Hajj travel agent says he's a victim too

December 1, 2011 (CHICAGO)

In this Intelligence Report: The travel agent says he is a victim too.

The I-Team first exposed this about a month ago: Hundreds of Muslims, who had paid thousands of dollars each to go on a once-in-a-lifetime pilgrimage to Mecca, were left stranded by Rashid Faridi, a Chicago travel agent who had failed to deliver the Saudi Arabian visas that were necessary for their trip.

Millions of Muslim devotees have returned from their November Hajj. But some never left in the first place. They blame North Side travel agency VIP Travel Services that advertised Hajj trips and proclaimed being "a company you can trust."

But Rukhsana Imtiaz, of Brownstown, Michigan, is among several hundred Muslims who paid $4,000 each and are now out that money and they say out of trust.

"Going for Hajj is a lifetime decision," said Imtiaz. "We searched the Internet and we found this website, and everything was very promising, very nice, so we just went ahead and booked our package through this agent."

After trying to explain what happened to jilted Hajj travelers -- that their visas were never obtained -- Chicago travel agent Faridi went to Saudi Arabia trying to get refunds for his customers.

But, in an e-mail obtained by the I-Team, Faridi has informed the marooned Muslims that he was unable to obtain the money they paid for flights, hotels, and other travel costs totaling almost $1.8 million. And, because he can't, Faridi told travelers: "no cash refund is available." He is offering to bring them to Mecca next year, but it is unclear how that would be financed.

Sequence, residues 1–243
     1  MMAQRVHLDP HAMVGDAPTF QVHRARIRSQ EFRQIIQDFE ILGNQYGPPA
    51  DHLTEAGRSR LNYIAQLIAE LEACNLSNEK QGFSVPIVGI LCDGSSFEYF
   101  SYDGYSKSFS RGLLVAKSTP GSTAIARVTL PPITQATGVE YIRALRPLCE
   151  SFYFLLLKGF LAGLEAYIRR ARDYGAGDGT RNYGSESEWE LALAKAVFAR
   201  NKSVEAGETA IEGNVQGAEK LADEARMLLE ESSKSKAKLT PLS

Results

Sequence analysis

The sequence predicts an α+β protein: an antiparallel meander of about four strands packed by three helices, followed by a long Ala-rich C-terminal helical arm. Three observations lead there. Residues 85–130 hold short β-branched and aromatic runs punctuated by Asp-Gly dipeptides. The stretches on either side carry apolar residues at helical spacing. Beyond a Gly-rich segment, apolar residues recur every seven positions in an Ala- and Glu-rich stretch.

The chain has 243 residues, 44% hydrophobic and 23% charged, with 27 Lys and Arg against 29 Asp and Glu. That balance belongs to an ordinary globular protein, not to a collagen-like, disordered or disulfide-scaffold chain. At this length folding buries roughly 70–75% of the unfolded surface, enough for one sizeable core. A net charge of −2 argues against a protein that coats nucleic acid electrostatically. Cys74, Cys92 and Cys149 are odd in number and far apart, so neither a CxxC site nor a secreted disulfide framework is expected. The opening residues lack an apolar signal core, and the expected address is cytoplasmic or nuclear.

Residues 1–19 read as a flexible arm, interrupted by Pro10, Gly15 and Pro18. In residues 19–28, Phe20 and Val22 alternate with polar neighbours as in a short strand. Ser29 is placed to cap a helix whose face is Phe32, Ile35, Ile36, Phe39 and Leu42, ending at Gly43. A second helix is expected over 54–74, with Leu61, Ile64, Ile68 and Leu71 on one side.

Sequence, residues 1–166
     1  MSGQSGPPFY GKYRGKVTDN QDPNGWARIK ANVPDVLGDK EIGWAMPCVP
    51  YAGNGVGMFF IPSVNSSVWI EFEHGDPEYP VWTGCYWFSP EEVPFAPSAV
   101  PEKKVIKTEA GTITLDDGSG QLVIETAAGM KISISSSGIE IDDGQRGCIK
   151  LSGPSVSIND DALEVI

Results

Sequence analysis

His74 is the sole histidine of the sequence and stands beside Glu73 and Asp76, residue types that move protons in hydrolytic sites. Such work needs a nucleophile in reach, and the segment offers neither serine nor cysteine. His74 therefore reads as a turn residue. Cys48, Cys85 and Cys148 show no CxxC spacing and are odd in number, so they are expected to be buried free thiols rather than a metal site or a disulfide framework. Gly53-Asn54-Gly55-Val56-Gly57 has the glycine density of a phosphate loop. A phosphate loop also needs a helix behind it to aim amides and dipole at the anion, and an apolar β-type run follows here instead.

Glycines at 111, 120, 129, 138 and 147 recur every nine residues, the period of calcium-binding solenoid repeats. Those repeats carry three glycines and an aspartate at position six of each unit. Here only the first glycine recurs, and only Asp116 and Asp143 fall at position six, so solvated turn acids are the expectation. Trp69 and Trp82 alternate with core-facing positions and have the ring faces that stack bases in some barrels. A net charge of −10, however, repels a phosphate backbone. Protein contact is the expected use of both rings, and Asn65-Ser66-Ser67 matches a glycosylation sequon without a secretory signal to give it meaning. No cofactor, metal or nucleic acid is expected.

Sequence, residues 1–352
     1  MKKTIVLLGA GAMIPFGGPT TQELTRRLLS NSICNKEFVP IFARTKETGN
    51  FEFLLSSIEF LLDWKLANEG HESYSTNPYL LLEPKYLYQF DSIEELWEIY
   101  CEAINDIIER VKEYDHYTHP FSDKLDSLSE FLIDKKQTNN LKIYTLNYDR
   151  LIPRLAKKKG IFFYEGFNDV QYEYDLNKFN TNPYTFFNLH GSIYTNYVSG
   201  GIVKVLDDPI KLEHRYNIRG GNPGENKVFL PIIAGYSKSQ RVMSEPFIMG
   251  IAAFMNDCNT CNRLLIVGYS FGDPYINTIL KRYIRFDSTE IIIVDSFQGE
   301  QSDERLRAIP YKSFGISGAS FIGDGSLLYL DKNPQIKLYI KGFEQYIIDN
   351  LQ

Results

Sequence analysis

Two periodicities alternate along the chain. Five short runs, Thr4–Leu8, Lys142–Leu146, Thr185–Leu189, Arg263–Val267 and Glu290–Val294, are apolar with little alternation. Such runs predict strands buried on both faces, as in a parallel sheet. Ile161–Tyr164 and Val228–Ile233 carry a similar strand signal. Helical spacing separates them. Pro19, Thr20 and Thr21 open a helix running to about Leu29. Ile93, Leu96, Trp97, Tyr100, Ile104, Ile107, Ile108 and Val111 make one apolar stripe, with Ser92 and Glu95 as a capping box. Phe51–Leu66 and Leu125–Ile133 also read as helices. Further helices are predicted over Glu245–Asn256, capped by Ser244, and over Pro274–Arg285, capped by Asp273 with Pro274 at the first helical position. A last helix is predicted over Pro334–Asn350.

"I think he was in over his head," Imtiaz said.

A former VIP travel employee told the I-Team that Faridi didn't intend to cheat anyone, but he promised more Saudi visas then he could get. Now, those out money say they have filed complaints with state officials, local police and the FBI.

Jilted travelers also have hired an Oak Brook law firm to look at civil action against the travel agency that apparently tried to buy visas on the black market and failed. Underground, they go for up to $2,000 apiece, even though that is illegal and Saudi Arabian diplomats say they provide the visas for free to Muslims making their Hajj visits through a dozen accredited travel agencies in the United States.

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